Tue, 10 May 2005

Compulsion Schooling 3

TMLutas still thinks I should be kinder to schools than I have been, if only so as not to offend people whose cooperation is necessary to move to a kinder, gentler school system. The trouble here is that most everybody thinks that schools can be reformed. They see problems with public schools, but they're fixable by doing more schooling. They suggest full-day schooling, or schooling at an earlier age, or year-round schooling. Or maybe they think they're fixable by introducing a tiny bit of markets, so that children attending a measurably worse school can be bussed to a school which is less bad.

I want to be very, very clear here. Our system of public schooling is broken on the most fundamental basic level. The foundation has a really big crack in it, and no glue, bondo, cement, or toothpaste will fix it. The crack in the foundation is the very essence of public schooling: that everyone is required to be there. First, there is no justification for destroying the freedom of children in this way. None whatsoever. Children are people too, and love freedom as much as adults. Second, the people who really don't want to be there will do their best to make life miserable for everyone else. Why not? They have nothing better to do, from their perspective. Third, even the people who want to be there will have a harder time learning things simply because they are being forced to. Learning is an intensely intellectual practice, and caging the beast doesn't make it more rational.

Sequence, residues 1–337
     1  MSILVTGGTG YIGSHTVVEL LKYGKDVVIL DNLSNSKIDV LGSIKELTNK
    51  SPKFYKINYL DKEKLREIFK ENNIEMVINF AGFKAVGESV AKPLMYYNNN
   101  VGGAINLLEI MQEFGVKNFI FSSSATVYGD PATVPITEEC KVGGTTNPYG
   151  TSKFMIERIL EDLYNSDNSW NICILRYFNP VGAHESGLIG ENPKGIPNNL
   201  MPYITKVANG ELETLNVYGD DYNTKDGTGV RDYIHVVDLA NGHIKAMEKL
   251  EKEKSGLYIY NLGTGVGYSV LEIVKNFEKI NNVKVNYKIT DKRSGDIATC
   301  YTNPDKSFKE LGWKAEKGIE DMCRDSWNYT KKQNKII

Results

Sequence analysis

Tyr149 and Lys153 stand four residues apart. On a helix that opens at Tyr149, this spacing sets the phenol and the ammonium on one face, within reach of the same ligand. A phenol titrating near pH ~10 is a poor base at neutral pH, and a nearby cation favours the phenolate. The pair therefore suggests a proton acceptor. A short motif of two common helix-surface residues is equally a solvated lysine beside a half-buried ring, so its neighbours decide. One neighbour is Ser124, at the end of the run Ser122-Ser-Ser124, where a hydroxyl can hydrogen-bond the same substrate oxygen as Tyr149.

Saying anything less leaves space for tinkering. The schools cannot be fixed by changing them in small ways. They can't even be fixed by changing them in large ways. They have to be changed at the lowest level, by making them optional. Only in this way will they live up to their potential, up to the children's potential, up to the teacher's potential, up to the administrator's potential.

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